Lorde, though, is hardly alone in this sentiment. It is somewhat remarkable to consider how many pop albums of the past year have taken up the sometimes-debilitating stress associated with modern-day fame as their main theme: Billie Eilish’s “Happier Than Ever,” Clairo’s “Sling,” and Lana Del Rey’s “Chemtrails Over the Country Club” all chronicle their creators’ burnout and consider, to varying degrees, packing it in and quitting the pop game forever. (A similar conversation has been happening with young women in the sports world, too.) It is perhaps not such a coincidence that three of these four albums, including “Solar Power,” were produced mostly by the seemingly busiest producer in the music industry, the girl-pop-Zelig Jack Antonoff.
What keeps much of “Solar Power” from really taking root, though, is that most of these songs are written from the perspective of an enviably serene person snugly on the other side of that struggle. “Dancing with my girls, only having two drinks, then leaving/It’s a funny thing, thought you’d never gain self control,” Lorde sings blithely on one of the album’s more cloying numbers, “Secrets From a Girl (Who’s Seen It All).” At times, “Stoned” and the otherwise incisive “The Man With the Axe” depict personal growth and maturity as a universal footbridge that one decisively crosses once and for all around age 21, rather than a messy, ongoing, lifelong process of stops and false starts. “I thought I was a genius,” she reflects on “Axe,” “but now I’m 22.” At least wait until Saturn returns, Lorde!
Make no mistake, amber is the color of her energy, at least at the moment. The mood board of her career peak, “Melodrama,” though, contained a whole kaleidoscope of color, and it’s that wonderful album’s sense of contrast and sonic dynamism that’s missing the most here. Every song on “Solar Power” pulls from a similar and finely curated aesthetic — early 2000s “CW”-theme-song pop; sun-drenched ’70s folk; just a pinch of Kabbalah-era Madonna — and rarely draws outside those lines, let alone picks up differently hued crayons. Name-dropped proper nouns too often feel like a pile of signifiers one step away from being shaped into sharper observations. Even the songs that most directly skewer modern-day wellness culture (the spiritual satire “Mood Ring,” the devilishly emasculating “Dominoes”) would not exactly be offensive to the ears if they were played during a yoga class’s savasana.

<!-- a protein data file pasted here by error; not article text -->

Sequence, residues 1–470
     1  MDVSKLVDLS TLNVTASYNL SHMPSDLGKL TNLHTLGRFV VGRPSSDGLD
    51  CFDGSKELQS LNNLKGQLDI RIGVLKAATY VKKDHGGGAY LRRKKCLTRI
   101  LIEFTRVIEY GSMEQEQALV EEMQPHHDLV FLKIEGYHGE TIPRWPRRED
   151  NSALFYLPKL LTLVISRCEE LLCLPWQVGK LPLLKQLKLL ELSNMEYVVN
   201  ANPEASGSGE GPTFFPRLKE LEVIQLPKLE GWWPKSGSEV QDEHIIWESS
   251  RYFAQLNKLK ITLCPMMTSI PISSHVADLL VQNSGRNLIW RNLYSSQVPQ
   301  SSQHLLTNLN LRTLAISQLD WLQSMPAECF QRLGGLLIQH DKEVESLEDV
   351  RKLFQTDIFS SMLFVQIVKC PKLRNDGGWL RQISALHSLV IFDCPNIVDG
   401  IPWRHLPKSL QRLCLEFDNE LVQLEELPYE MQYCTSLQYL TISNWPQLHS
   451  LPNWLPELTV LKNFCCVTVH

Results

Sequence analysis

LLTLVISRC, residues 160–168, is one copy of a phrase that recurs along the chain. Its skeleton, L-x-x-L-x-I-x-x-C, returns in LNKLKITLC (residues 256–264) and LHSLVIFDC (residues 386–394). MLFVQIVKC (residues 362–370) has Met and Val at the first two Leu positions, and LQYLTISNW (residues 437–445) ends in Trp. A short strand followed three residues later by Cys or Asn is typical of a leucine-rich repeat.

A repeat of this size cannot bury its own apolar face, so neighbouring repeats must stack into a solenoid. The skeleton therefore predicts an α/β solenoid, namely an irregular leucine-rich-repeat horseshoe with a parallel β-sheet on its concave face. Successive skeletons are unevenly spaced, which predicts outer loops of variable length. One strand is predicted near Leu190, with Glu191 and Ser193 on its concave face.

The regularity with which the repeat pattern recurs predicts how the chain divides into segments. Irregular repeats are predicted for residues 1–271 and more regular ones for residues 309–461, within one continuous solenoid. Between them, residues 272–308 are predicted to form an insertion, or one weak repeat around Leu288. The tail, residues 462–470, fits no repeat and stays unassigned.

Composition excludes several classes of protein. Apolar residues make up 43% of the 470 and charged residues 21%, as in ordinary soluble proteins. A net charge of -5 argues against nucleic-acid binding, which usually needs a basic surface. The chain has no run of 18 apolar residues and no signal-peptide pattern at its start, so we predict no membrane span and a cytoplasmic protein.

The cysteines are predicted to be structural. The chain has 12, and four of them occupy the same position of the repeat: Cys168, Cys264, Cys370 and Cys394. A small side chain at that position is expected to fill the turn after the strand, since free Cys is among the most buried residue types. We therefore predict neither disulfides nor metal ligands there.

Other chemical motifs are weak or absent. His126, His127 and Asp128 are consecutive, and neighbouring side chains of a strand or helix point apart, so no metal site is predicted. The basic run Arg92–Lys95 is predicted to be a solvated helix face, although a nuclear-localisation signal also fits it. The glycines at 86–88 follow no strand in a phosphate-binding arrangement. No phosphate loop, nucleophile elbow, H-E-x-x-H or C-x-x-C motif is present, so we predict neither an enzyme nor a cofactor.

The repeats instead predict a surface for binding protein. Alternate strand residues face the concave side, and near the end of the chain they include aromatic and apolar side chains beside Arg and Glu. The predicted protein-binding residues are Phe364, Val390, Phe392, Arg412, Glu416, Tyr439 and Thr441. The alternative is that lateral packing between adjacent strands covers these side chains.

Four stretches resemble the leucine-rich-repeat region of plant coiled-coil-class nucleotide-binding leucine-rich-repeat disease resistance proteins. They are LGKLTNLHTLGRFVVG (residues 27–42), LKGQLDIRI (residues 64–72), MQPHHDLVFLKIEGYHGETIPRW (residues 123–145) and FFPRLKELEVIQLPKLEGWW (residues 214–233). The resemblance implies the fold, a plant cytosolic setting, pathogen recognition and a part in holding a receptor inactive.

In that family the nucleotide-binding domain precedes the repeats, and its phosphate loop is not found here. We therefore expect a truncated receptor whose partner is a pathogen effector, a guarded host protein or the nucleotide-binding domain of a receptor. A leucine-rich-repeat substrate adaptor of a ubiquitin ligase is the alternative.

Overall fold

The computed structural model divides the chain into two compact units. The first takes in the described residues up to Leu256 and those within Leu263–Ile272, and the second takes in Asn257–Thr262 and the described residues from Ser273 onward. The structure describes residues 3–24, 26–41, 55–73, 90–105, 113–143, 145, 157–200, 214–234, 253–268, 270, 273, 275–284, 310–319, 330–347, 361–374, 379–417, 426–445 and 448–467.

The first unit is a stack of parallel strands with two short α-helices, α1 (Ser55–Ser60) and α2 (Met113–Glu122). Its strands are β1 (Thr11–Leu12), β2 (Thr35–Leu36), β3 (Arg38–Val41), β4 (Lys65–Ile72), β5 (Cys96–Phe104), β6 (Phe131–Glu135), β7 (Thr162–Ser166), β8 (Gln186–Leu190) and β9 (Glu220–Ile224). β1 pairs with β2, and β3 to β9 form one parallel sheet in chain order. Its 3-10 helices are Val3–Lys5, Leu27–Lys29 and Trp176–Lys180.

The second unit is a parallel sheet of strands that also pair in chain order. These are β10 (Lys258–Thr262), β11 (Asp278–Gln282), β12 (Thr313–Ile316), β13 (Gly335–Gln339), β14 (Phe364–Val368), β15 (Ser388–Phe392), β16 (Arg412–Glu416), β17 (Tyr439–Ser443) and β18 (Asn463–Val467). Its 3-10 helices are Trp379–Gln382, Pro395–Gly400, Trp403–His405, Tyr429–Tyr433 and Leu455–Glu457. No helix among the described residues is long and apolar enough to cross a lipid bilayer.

Perhaps the most stirring moments on the album come toward the very end, at the conclusion of the loose, winding six-minute closer, “Oceanic Feeling.” It’s partially a showcase of the striking, near-photographic clarity Lorde can sometimes achieve with her lyrics (“I see your silver chain levitate when you’re kickflipping”) and a kind of guided visualization of an eventual life after pop stardom. The girl who just eight years ago was asking, however playfully, to be your ruler is now singing with a stirring serenity, “I’ll know when it’s time to take off my robes and step into the choir.”
Even as it has billowed to consider such lofty elements as water, sun and air, Lorde’s close-miked music has retained such a careful intimacy that, at times, you can still actually hear her smiling. But like a beaming Instagram photo selectively chosen from a vast camera roll of outtakes, “Solar Power” stops just short of offering a full, varied range of expressions.